We are now well into the second year of the latest "The Venture Brothers." hiatus. Fortunately, in that time, I've managed to find another hyperviolent animated action spoof to keep me occupied - FX's "Archer."
"Archer" is definitely one of the spawn of the Adult Swim late night animated programming block, and shares a creative team with the "Sealab 2021" and "Frisky Dingo." It doesn't indulge in nearly the amount of creative anarchy as those shows do, sticking to a much more traditional workplace comedy template. It's just that the workplace is the International Secret Intelligence Service (ISIS). And the main character, Sterling Archer (H. Jon Benjamin), is the world's most dangerous secret agent, with the emotional maturity of a twelve-year-old. And he has some serious issues with his overbearing mother, Malory Archer (Jessica Walter), who happens to be the head of ISIS. And his ex-girlfriend, Lana Kane (Aisha Tyler), is also a deadly fellow ISIS who he has to work with frequently.
Back at ISIS headquarters, there's Cyril (Chris Parnell), the company's bookish, bespectacled comptroller who Lana is now dating, Human Resources Director and gossip facilitator Pam (Amber Nash), Ray (Adam Reed) the openly gay intelligence analyst, Doctor Krieger (Lucky Yates) the openly depraved Head of Research, and finally Malory's secretary Cheryl (Judy Greer), who isn't too bright, and has some alarming personal habits. Most of the employees of ISIS are incompetent and a few are downright nuts, but for the most part they behave like real human beings. We've all met the ditzy secretary and the gossip from HR, but maybe not a pair like Cheryl and Pam who quite so easily give in to their worst impulses at every available opportunity. And of course there's also their access to an armory full of machine guns and a global surveillance network.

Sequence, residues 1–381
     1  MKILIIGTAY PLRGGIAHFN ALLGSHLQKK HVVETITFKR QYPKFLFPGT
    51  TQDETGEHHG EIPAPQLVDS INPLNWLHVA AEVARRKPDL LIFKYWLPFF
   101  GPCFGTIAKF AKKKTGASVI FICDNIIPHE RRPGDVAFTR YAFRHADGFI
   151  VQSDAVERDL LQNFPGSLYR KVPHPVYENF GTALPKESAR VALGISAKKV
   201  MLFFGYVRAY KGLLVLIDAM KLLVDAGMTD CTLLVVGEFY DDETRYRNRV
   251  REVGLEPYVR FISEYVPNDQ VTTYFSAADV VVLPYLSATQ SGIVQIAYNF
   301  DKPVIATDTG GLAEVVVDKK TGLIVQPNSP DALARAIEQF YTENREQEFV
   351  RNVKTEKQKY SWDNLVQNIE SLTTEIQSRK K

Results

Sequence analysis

There's a lot of gunplay, a lot of explosions, and a lot of car chases, as you might expect from a spy show. And thanks to the magic of animation, they can be a lot bigger, bloodier, and more visceral than what you see in live action, and still be played for laughs. However, "Archer" is not a big budget production, and most of the animation is very limited. Though very nicely designed, the characters are frequently in static poses, with stiff and clunky movements. The worst is when the show tries to integrate CGI elements, which stick out like a sore thumb and make "Archer" look like a much older program than it is. Still, the animation is good enough to regularly pull off big visual gags and some complicated set pieces, so it doesn't detract all that much.
Where "Archer" really shines is in creating memorable characters, and putting them together in extreme, ridiculous situations together. It's the "South Park" approach of pairing rudimentary visuals with outrageously inappropriate, cheerfully profane material. The typical plot either involves spy activities derailed by petty office politics and personal grievances, or an office sitcom dilemma taken to ridiculous extremes by the characters' childishness and the presence of heavy artillery. In both cases, madness and mayhem ensue, and some combination of sexual shenanigans, mindless violence, and namecalling are required to resolve the situation. Most episodes are rated TV-MA, and thoroughly deserve it. Yet the show is well grounded enough that it doesn't feel like it's trying to be shocking. It goes for the laughs first and foremost.
I've been catching up on "Archer" episodes online, and I've found that it's one of those shows that you can't watch too many episodes of in one sitting. So much of the fun comes from the heightened reality and the over-the-top behavior of the characters. I love the unbridled petulance of Archer, who throws tantrums when he doesn't get his way, shamelessly abuses his faithful valet Woodhouse (George Coe), and is as subtle with women as a brick, but can still pull off the whole super spy gig in his sleep. Malory is essentially Lucille from "Arrested Development" cranked up to eleven, with more steely-eyed authority, more booze and and a much more colorful sexual history. Watch too much of them in one sitting, and you'll feel your whole worldview start to warp.
"Archer" is currently on its third season on FX, with more on the way. It's nice to see another emphatically adult-oriented cartoon doing well, though I don't think it matches up to the sublime absurdity of some of the similar shows on Adult Swim. In embracing a more realistic style and the familiar genre of the spy spoof, it feels a little watered down from the more potent anarchy of something like "Frisky Dingo." But for what it is, it works, and I've been enjoying it.